The Treacherous Net (An Irene Huss Investigation)
“Fans of the genre will not be disappointed by this latest Irene Huss novel.”
Overworked and underpaid members of Goteborg, Sweden’s Violent Crimes Unit, struggle to cope with a new crop of homicides in Helene Tursten’s latest mystery featuring Detective Inspector Irene Huss.
The snow is melting, summer is just over the metaphorical horizon, and dead bodies in Goteborg are popping up like spring flowers. First, a mutilated teenage girl, then a mummified body in a chimney, then another mutilated teen add up to a heavy workload for the Violent Crimes Unit. “So it’s only the beginning of May, and we’ve already had our murdered teenage girl of the summer. Along with another one, just to be on the safe side,” says Jonny Blom, Detective Irene Huss’s partner.
It is a bleak statement, but one with which Irene cannot disagree. Add in the city’s violent gang activity and detectives are missing sleep, meals, and family time. Irene is especially feeling the conflict between work and family. Her mother, Gerd, is elderly and unable to leave her apartment since breaking her hip. As an only child Irene has the responsibility of looking after her mother with the help of her husband, Krister, and various social service agencies. “Irene looked at her mother’s lined face. How old she looked these days! Really, really old. It had happened so fast.”
Her mother is not the only personal conflict that burdens Irene’s spirit. The other is work related: her new boss, Superintendent Efva Thylqvist. “At present Irene was the only female inspector in the department, and she suspected that this suited Elva Thylqvist perfectly.” Irene feels marginalized as the superintendent is not only not interested in her views, but so uninterested that she sends emails rather than speaking directly with her.
Determined to reclaim her position as a successful detective, Irene seizes the initiative to take nominal charge of the homicides on the two teenagers. In Irene’s opinion the cases are related. Both girls were the same age; both left their homes for a secret meeting with someone they met online; and both vanished without leaving any trace until both bodies turned up mutilated and each wearing one-half of a set of very inappropriate underwear for their ages.
In another manipulative maneuver Thylqvist assigns the case of the mummy to former Superintendent Sven Andersson, now head of the Cold Case squad. “Instead of organizing a replacement for Birgitta, she had managed to get rid of one of their most challenging homicide cases in one elegant move.” Irene isn’t pleased and neither is Sven Andersson who is smart enough to realize he has been manipulated.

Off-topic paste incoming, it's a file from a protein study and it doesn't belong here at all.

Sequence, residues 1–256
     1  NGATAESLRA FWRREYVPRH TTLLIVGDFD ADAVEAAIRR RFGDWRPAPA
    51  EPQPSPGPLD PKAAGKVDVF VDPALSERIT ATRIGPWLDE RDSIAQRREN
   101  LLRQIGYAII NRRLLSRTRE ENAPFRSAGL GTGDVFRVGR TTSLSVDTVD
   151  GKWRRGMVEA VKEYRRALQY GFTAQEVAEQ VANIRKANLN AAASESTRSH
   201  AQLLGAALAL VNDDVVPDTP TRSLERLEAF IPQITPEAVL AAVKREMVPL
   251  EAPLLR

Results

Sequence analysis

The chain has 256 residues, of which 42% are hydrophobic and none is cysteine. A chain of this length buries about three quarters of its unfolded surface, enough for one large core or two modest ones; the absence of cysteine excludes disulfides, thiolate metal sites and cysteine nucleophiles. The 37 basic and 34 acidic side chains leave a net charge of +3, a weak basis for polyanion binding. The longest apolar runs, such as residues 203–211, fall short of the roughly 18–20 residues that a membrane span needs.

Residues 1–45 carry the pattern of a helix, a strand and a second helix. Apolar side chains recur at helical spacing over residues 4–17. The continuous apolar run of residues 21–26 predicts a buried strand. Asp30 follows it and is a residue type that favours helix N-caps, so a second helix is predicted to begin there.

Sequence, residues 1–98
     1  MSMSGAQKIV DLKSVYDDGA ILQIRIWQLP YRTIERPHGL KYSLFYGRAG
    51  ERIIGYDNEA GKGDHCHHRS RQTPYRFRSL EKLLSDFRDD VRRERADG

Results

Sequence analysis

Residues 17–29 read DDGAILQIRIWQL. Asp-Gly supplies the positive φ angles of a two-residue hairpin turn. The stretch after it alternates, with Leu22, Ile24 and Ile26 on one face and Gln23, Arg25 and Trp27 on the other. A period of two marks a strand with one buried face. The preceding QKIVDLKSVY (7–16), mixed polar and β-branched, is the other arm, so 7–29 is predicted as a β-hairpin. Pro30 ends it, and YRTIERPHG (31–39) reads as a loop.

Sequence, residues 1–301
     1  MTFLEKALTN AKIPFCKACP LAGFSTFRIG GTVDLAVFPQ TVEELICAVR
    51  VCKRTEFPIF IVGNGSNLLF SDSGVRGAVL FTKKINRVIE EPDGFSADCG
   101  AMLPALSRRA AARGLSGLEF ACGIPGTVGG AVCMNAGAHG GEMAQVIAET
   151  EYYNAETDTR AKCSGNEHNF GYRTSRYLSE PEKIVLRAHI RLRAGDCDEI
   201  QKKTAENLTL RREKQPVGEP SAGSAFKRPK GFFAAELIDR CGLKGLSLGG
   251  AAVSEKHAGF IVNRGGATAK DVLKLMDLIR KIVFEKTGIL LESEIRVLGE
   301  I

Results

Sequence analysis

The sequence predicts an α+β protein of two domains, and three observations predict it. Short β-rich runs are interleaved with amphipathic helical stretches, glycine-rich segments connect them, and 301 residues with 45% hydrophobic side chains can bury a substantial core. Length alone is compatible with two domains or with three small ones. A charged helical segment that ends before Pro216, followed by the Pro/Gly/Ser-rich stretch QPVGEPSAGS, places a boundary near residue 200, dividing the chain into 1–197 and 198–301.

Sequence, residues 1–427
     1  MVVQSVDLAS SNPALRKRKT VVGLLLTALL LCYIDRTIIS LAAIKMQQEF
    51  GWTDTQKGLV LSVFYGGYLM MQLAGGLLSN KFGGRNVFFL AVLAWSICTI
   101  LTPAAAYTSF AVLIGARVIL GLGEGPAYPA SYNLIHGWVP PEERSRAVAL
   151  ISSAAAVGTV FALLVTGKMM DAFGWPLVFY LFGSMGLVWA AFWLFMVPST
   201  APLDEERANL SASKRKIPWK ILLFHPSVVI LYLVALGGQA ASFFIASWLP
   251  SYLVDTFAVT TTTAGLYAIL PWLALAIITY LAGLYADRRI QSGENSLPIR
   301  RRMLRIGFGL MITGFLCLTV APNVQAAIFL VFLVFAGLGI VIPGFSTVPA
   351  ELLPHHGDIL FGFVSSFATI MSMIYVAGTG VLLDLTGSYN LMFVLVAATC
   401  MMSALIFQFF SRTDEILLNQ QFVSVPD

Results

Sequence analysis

The mummy is Mats Persson, murdered some 25 years before. To make the case even more interesting, Persson was shot with the same gun used to murder the mummy’s father, a state security agent, in 1941. Andersson is placed in an almost impossible position for an investigator. Most of potential witnesses from 1941 are dead, and there are no witnesses to Mats Persson’s murder. What possible motive could there be that connects the murders of father and son 24 years apart?
As Irene and Sven Andersson struggle with separate investigations, Superintendent Thylqvist finally hires another detective, Asa Nystrom, and assigns her to share Irene’s office. “You’ve got the biggest office and you’re used to sharing.” Irene is not fooled. Thylqvist wants both the female detectives together and as far away from her own office as possible.
Asa is not fooled by her new boss, and she and Irene make a formidable team. Together with the squad’s IT officer, Jens, the two women devise a plan to capture the internet killer before he can murder another teenage girl. While they are setting up the trap, Irene’s mother is in the hospital in a coma after another fall in her home. Again Irene is caught between her job and her family.
Unlike many Scandinavian mysteries, the Irene Huss series lacks the eccentric characters featured by Helene Tursten’s fellow authors. Irene is flawed and all too human, a middle-aged woman neither too attractive nor too ambitious. She only wants to do the job she loves, and if she too often sacrifices the needs of her family for her work, it is sacrifice many of her fans may make in their own lives.
The exploration of Sweden’s past actions during the Second World War mirrors in a small way Irene’s own personal conflicts. Trying to maintain its status as a neutral country during WWII, while at the same time not refusing certain requests of Hitler’s Germany in order to avoid armed conflict, was a balancing act whose consequences apparently still disturb Sweden’s collective psyche.
The Treacherous Net is a solid read for fans of Scandinavian mysteries. It is also another voice in the growing number of mystery writers warning of the dangers of unsupervised use of the Internet by vulnerable children and teens. Fans of the genre will not be disappointed by this latest Irene Huss novel.